Biomedical Sciences, Texas A&M Health Science Center
Saturday Morning, Forum Suite
Post cranial trabecular bone architecture has been used as a tool to assess primate life history in living and extinct species. Trabecular architecture in cranial regions differs from that seen in postcranial regions in bone volume fraction (BVF) and structure model index (SMI) and it is unknown to what degree it is reflective of life history patterns, such as feeding strategy.
In this study, uCT was used to determine the BVF and anisotropy (DA) of the trabecular bone in 5 supraorbital regions (from the lateral orbit to the sinus) of 8 Homo, 4 Pan, 5 Cebus, 4 Papio, and 1 Gorilla. Kruskal Wallis tests determined significant differences by species across locations in trabecular bone strength predictive variables, such as BVF and DA (p=0.01 and p=0.06, respectively). In all species, except humans, BVF and DA tend to decrease moving from lateral to medial, with the highest BVF values in the lateral most region of the browridge. Overall, BVF values are greater in the gorilla specimen and less in the human group. BVF and DA decline sharply from lateral to medial in four of the five cebus as the frontal sinus cavity occupies the region more laterally than in other primate species.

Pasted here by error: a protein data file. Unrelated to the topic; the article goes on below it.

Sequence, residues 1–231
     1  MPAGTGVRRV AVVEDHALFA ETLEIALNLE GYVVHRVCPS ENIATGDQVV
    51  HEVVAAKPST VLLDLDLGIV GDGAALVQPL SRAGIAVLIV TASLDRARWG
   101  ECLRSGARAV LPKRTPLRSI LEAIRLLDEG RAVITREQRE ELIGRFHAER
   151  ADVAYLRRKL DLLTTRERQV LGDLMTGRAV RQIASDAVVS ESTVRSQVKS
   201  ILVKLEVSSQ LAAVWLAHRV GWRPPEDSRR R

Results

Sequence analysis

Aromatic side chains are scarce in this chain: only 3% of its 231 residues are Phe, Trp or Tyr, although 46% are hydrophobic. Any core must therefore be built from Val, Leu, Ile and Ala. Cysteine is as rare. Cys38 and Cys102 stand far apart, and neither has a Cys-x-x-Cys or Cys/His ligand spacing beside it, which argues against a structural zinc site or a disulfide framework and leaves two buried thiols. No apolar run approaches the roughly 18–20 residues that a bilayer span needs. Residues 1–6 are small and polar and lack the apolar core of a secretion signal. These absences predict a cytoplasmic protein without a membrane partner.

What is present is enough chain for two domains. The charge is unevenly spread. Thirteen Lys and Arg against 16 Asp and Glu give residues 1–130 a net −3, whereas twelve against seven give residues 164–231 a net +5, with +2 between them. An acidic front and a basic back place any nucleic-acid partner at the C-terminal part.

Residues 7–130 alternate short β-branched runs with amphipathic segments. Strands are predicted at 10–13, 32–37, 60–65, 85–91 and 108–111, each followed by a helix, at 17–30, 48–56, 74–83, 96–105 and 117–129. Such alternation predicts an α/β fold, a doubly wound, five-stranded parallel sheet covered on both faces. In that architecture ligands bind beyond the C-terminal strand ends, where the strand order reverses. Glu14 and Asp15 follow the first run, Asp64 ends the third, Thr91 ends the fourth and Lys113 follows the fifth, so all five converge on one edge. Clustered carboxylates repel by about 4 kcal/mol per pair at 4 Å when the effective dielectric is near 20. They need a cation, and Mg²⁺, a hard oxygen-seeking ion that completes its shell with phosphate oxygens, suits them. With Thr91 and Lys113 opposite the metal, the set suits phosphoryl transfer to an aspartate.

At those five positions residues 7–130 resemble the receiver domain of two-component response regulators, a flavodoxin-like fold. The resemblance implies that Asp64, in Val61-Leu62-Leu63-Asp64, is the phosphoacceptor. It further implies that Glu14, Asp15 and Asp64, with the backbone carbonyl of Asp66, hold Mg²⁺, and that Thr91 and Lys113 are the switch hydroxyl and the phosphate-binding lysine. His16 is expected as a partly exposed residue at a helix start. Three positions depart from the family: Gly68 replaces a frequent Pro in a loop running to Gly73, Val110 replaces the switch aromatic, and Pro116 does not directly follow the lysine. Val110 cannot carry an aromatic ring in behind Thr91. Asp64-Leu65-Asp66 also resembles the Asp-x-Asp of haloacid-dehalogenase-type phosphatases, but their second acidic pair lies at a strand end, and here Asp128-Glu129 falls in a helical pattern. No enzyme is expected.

The results suggest that trabecular structure within the supraorbital region may be reflective of feeding strategies. Additional study of trabecular bone architecture within craniofacial bone is needed to see if it can be used as a tool to assess masticatory patterns among living and extinct groups of primates.
This study was funded by the National Science Foundation Physical Anthropology HOMINID program (NSF BCS 0725141)